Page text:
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'Breaking point': Gladstone debate over mandatory rego fee for cyclists

Local cyclists Barry Flutter and Garry Hill.
Local cyclists Barry Flutter and Garry Hill. Mike Richards GLA040214CYCL

MANDATORY is the word many Gladstone residents have used in a discussion as to whether cyclists should be paying a fee to register their bikes.

It comes after The Observer published a story to Facebook where Bundaberg man, Adrian Wone, suggested it would make cycling safer and encourage more people to opt for the manual mode of transport.

"Bikes are becoming more popular and if they need infrastructure like bike ways, the economy is stretched to the limit, so registering bikes might be the way to finance these things," he said.

Mr Wone said the proposal would also have the added benefits of improving our waistlines and the environment.

"If it's safer and convenient, more people will take it up, which will benefit the environment and people's health," he said.

"Even just $5 per bike just for new bikes sold, or maybe people would be happy to pay across the board, to get people out there safely.

"It would take a few cars off the road too."

There were arguments for and against cyclists paying rego, but the majority of residents swung towards the idea, including Brett Smith who said if motor bike riders had to pay than so should cyclists.

"Rego and insurance (for cyclists) should be mandatory," he said.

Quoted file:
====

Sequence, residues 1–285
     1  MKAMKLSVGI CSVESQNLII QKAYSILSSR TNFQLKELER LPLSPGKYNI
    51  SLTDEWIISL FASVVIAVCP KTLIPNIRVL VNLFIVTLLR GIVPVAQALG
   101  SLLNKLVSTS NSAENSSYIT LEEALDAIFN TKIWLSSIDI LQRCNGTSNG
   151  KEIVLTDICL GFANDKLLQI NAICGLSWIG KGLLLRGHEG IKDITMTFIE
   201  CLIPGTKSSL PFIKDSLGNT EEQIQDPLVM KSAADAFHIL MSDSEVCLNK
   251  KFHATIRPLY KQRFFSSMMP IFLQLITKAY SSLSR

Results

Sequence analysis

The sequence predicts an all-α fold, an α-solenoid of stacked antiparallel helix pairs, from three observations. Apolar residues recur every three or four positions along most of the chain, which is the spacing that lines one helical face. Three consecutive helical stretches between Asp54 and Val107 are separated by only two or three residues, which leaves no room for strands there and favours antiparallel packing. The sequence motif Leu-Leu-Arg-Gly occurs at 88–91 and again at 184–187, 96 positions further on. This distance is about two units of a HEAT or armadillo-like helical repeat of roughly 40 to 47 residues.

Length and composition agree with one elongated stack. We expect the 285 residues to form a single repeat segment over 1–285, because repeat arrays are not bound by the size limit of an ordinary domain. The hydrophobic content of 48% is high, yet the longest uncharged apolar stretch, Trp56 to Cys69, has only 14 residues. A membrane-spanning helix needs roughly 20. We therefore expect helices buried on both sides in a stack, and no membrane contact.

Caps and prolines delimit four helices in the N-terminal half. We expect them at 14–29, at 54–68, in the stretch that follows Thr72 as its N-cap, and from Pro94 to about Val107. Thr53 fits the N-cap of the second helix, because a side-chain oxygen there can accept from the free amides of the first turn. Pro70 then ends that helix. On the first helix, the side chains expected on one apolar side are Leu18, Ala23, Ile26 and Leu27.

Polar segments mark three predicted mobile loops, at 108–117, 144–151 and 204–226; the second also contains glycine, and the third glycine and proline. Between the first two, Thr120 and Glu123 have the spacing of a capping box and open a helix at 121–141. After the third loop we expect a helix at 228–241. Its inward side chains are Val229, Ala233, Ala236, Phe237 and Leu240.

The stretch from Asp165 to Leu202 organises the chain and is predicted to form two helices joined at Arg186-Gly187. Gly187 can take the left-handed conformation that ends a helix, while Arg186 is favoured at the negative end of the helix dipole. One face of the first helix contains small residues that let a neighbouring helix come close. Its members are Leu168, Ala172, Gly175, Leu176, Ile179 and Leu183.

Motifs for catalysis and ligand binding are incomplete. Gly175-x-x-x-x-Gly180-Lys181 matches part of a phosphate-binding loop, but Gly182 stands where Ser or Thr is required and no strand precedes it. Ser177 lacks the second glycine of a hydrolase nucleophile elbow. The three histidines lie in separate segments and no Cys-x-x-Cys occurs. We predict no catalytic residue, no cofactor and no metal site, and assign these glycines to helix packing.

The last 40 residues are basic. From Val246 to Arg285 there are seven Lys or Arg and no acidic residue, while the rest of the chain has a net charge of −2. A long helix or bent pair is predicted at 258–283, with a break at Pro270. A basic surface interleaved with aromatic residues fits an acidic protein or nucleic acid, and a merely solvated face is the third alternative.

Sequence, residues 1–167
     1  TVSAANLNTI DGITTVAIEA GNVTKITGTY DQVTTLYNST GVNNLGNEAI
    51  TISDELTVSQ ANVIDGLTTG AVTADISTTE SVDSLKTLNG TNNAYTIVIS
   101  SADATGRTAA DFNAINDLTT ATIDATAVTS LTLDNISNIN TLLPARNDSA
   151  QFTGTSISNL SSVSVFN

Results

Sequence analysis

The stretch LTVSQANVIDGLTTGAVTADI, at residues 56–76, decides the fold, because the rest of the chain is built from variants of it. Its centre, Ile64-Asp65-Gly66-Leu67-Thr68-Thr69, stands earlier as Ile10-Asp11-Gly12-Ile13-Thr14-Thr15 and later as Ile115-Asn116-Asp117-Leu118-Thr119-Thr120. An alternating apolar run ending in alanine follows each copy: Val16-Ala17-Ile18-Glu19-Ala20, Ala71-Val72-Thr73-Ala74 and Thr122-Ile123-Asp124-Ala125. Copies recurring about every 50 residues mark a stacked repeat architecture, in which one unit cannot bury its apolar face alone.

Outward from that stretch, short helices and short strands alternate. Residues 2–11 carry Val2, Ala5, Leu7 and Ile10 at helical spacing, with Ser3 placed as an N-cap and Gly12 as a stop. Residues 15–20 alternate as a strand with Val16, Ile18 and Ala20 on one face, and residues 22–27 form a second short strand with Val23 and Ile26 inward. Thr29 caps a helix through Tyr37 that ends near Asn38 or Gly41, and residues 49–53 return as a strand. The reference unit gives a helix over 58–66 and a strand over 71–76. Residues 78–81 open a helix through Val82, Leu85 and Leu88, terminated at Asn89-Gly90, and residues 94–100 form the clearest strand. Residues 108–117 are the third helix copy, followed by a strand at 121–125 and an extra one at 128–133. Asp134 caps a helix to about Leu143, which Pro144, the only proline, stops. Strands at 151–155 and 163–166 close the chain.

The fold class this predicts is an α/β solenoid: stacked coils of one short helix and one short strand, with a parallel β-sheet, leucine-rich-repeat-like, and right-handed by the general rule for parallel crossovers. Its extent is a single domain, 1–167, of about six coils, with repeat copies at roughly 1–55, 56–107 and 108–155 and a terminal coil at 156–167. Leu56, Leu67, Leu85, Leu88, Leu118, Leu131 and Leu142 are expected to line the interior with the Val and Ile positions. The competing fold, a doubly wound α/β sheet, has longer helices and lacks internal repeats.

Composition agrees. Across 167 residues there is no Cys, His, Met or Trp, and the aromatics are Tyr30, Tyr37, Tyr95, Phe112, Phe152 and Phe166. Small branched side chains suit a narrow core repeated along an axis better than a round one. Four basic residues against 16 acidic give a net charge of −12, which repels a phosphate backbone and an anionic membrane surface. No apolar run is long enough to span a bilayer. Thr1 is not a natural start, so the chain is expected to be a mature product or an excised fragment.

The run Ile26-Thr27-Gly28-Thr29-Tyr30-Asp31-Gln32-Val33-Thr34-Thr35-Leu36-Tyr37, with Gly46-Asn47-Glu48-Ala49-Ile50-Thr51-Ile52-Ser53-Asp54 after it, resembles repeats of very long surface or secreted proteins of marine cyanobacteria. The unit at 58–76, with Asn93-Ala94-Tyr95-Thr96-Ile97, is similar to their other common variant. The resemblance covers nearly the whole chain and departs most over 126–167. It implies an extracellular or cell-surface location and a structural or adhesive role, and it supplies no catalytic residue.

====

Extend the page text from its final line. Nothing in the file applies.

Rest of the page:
"I have to pay $350 a year for a single seat dirt bike just so I can use it in state forests or beaches and I don't even ride on the road," he said.

There was also the argument that if cyclists are choosing to ride on the road, even when there if a path available, they should pay a fee to contribute to the road's infrastructure.

"If we have to pay to use the roads, why do (cyclists) get to use it for free?" Jason Fitzgerald said.

On the other side of the fence was Mick Warren, who said the idea was "a joke".

"What's next?" he said.

Tax(ing) people who walk on footpaths and try to convince us its a privilege?"

However, Aaron Rush had a completely different perspective on the situation and said bike riders wouldn't need to use the road, if the government built more bike paths.

"Are you kidding?" he said. "Rates pay for local roads, income tax pays for main roads, fuel tax is bigger than ever, and now people want more from the working class who are already struggling with the cost of living ... Build more bike paths to make it safer and so more Australian's use them, get fit ... and not be taxed to breaking point for it."



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